The HTC Trophy soon will be available on the largest carrier in the U.S., putting WP7 on all of the nation's major wireless phone networks.

Ed Hansberry, Contributor

May 19, 2011

2 Min Read

When Microsoft launched Windows Phone 7, it was for GSM networks like T-Mobile and AT&T. That left Big Red out since it is a CDMA based system. WP7 was updated several months ago to handle CDMA radios and Sprint, the other big CDMA carrier in the US, launched their device on March 20. Verizon was in no hurry to get a device out, but that all changes next week.

The launch hasn't exactly been a secret. The mystery has always been the launch date. In late 2010 after WP7 launched, Verizon was offering a special promotion just for Microsoft employees, allowing them to pick up a phone for $199, receive a $100 credit on their bill if they renew for two years, and get some accessories for free. The signup for the original promotion ended December 31, 2010. They extended that offer a few months later to end on May 5, a date a bit closer to the actual release date. The deal was sweetened a bit too. Microsoft will reimburse the employee for the cost of the phone, so basically, Verizon will apply a $100 credit to the Microsoft employee's bill and give them a leather case and car charger while Microsoft will pay for the phone itself.

So what is the HTC Trophy? Verizon lists the specs as 1-GHz Snapdragon processor with a 3.8" WVGA screen. It has 16 GB of onboard storage and is a world phone, an important feature if you travel the world and need to get on GSM networks when abroad.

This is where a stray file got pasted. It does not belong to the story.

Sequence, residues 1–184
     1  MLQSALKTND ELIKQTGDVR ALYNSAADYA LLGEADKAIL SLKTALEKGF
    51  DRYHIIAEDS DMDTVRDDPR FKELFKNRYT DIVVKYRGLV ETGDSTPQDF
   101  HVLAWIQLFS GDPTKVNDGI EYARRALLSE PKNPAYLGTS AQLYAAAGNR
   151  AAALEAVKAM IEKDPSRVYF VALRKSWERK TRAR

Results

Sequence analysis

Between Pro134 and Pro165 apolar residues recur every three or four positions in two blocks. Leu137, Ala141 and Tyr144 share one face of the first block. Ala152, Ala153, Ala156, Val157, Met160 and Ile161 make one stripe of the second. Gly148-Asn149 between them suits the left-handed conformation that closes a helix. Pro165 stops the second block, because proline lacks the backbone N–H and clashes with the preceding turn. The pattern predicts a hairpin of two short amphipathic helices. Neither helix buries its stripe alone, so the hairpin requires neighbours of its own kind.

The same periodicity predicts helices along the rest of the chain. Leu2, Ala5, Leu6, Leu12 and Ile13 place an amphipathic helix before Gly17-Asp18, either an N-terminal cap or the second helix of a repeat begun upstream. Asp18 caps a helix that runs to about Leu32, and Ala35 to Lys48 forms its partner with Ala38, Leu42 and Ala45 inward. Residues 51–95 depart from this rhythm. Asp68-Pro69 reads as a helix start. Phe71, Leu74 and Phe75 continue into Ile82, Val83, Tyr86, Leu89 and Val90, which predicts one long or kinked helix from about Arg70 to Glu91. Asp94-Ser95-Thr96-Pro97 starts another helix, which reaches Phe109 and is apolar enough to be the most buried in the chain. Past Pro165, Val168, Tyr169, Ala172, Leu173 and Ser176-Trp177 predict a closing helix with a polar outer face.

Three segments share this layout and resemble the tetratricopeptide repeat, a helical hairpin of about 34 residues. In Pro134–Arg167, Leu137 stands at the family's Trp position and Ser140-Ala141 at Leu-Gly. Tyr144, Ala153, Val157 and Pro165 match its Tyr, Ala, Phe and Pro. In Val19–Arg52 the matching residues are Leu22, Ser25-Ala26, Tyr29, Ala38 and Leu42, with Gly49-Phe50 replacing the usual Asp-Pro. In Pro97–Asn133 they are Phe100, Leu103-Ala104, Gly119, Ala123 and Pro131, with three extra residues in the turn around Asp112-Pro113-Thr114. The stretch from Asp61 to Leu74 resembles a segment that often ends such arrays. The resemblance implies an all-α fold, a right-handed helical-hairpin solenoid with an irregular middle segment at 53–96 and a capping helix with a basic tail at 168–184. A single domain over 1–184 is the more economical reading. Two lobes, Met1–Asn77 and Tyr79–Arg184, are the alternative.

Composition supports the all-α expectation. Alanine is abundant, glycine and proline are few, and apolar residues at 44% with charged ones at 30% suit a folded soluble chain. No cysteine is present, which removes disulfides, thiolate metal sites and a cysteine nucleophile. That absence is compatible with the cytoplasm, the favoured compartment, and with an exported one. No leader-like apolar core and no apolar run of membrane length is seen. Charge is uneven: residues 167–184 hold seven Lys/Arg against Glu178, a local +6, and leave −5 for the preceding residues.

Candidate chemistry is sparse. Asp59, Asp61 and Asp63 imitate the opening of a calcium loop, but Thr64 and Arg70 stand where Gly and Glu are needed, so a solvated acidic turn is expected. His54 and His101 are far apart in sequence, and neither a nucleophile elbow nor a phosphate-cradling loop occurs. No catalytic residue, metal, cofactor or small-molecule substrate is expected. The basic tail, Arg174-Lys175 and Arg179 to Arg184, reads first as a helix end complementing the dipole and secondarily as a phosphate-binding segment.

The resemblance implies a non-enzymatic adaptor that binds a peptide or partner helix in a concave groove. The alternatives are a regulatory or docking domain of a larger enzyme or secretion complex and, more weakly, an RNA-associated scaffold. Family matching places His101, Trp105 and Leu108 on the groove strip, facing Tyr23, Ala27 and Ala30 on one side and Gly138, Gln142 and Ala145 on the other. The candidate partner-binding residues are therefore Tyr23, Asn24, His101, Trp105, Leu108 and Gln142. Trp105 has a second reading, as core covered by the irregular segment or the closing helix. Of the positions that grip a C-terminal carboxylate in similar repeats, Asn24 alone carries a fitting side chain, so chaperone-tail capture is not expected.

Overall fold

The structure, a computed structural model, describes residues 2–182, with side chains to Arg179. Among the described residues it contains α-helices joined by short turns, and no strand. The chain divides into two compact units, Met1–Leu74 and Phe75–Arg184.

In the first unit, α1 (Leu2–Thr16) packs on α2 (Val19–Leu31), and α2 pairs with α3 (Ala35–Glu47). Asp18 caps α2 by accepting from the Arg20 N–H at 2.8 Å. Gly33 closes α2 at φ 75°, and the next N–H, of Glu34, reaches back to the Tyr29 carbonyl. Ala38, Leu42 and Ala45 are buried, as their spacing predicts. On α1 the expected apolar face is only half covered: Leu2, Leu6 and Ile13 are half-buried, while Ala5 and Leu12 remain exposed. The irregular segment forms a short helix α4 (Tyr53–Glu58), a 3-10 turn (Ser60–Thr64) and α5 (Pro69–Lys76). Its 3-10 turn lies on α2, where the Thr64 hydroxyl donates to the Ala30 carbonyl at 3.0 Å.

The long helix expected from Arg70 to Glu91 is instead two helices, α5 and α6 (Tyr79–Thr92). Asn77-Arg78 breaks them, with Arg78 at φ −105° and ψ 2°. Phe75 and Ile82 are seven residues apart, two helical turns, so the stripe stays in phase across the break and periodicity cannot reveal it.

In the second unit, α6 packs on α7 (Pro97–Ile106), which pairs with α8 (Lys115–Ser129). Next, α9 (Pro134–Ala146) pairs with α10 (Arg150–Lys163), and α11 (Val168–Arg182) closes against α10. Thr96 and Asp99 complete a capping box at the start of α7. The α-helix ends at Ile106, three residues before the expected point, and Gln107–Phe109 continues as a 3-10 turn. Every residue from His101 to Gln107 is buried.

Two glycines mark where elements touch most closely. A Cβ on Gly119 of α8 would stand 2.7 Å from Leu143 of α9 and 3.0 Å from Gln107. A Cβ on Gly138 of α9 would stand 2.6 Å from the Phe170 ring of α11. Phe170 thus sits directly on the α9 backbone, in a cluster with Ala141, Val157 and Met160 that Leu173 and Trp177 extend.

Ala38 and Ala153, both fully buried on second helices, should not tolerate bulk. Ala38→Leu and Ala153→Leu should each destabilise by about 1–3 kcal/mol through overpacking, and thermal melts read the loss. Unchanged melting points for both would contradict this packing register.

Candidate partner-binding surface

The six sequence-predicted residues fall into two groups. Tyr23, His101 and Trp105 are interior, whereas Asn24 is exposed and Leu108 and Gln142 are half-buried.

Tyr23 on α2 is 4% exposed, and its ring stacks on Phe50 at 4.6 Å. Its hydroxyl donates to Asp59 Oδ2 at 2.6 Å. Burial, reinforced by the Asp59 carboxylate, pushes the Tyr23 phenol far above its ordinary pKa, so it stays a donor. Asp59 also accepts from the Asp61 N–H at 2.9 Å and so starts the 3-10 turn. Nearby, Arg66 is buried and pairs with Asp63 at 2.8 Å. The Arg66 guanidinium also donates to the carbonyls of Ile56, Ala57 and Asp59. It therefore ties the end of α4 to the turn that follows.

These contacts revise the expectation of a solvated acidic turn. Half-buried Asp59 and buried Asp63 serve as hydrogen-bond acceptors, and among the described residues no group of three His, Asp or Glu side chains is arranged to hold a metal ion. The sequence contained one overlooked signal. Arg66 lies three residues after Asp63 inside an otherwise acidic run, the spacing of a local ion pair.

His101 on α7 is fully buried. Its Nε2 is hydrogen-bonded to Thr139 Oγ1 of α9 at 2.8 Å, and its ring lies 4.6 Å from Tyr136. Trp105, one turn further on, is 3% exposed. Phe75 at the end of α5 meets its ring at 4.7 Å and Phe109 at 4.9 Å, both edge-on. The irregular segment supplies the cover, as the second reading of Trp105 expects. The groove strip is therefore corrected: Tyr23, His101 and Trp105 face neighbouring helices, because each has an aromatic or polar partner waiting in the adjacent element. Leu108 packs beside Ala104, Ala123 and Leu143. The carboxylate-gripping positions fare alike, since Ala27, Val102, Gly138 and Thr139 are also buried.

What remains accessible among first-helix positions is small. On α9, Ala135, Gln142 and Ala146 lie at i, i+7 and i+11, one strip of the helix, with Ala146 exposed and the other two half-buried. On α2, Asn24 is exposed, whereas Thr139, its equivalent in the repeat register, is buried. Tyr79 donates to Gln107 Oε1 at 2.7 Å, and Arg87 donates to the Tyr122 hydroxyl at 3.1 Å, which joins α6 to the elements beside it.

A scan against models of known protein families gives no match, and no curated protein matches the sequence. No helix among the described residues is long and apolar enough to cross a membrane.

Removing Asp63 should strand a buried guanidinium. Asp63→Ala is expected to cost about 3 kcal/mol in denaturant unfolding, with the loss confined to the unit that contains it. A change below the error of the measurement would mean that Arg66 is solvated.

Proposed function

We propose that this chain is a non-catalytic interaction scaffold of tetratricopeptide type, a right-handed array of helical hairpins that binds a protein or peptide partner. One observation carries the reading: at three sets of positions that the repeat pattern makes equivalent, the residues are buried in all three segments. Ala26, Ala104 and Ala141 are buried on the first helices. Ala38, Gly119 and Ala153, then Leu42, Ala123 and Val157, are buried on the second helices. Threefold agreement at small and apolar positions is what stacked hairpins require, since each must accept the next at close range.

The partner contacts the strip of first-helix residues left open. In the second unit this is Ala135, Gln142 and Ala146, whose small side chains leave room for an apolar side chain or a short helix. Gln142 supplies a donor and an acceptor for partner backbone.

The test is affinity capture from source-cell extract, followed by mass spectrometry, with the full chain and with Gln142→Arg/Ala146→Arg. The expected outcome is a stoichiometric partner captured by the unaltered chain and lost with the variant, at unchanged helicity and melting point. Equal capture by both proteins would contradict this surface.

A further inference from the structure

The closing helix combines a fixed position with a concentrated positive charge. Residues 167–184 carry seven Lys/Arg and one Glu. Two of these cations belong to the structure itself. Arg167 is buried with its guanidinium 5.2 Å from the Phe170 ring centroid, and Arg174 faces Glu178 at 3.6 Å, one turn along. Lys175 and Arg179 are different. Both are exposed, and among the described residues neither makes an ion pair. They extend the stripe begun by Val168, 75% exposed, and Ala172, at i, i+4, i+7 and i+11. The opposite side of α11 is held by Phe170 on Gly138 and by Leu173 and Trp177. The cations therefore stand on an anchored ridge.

The phone costs $199, but there is a $50 mail-in rebate they are counting on you forgetting to send in. Minimally, you have to subscribe to a $39.99 nationwide voice plan and a $29.99 unlimited smartphone data package.

The phone's specs aren't bleeding edge, but it will hold its own against the competition. The question now is how will this help Windows Phone's share? Just being sold by Verizon isn't a guarantee to move the needle. Palm's share with webOS barely blipped in 2010 when Verizon started carrying the Pre Plus. To be successful, WP7 needs to be on as many networks as possible, but it will need more than that to really gain share. The Mango update later this year may help some, but the biggest kick should come once Nokia starts shipping devices. You'll have to stay tuned to see how that goes.

In the mean time, if you are on Big Red and have been wanting to try out Microsoft's new OS, next Thursday is the day.

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